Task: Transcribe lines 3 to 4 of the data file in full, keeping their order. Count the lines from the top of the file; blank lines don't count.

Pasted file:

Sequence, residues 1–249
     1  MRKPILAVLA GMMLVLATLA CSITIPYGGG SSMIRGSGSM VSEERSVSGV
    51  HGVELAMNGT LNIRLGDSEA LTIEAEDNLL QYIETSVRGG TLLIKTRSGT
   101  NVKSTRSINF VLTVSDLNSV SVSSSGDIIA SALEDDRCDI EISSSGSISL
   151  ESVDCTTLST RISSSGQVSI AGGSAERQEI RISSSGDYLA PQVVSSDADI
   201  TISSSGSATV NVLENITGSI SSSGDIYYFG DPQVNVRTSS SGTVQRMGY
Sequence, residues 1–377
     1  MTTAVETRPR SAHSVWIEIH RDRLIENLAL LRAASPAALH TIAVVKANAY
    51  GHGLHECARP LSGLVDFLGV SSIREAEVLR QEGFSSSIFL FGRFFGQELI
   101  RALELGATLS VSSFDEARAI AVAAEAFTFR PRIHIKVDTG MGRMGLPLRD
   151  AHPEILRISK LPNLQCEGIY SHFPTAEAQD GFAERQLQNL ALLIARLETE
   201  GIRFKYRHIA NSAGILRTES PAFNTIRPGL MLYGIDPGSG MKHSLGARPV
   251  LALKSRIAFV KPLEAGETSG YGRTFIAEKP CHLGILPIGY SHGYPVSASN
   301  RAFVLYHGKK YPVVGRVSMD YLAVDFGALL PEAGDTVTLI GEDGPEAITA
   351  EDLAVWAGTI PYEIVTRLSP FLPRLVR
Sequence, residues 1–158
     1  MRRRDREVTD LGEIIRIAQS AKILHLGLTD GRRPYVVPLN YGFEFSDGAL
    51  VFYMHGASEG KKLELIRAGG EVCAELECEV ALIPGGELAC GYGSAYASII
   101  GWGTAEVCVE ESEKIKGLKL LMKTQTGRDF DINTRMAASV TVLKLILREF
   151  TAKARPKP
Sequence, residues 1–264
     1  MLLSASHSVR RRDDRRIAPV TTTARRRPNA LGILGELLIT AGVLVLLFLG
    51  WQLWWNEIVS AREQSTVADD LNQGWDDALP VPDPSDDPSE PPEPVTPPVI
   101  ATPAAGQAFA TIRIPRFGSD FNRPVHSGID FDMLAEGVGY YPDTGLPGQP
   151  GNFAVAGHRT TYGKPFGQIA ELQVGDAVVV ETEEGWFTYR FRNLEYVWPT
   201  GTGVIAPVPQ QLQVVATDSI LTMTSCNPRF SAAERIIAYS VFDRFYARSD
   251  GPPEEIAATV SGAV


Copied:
    51  HGVELAMNGT LNIRLGDSEA LTIEAEDNLL QYIETSVRGG TLLIKTRSGT
   101  NVKSTRSINF VLTVSDLNSV SVSSSGDIIA SALEDDRCDI EISSSGSISL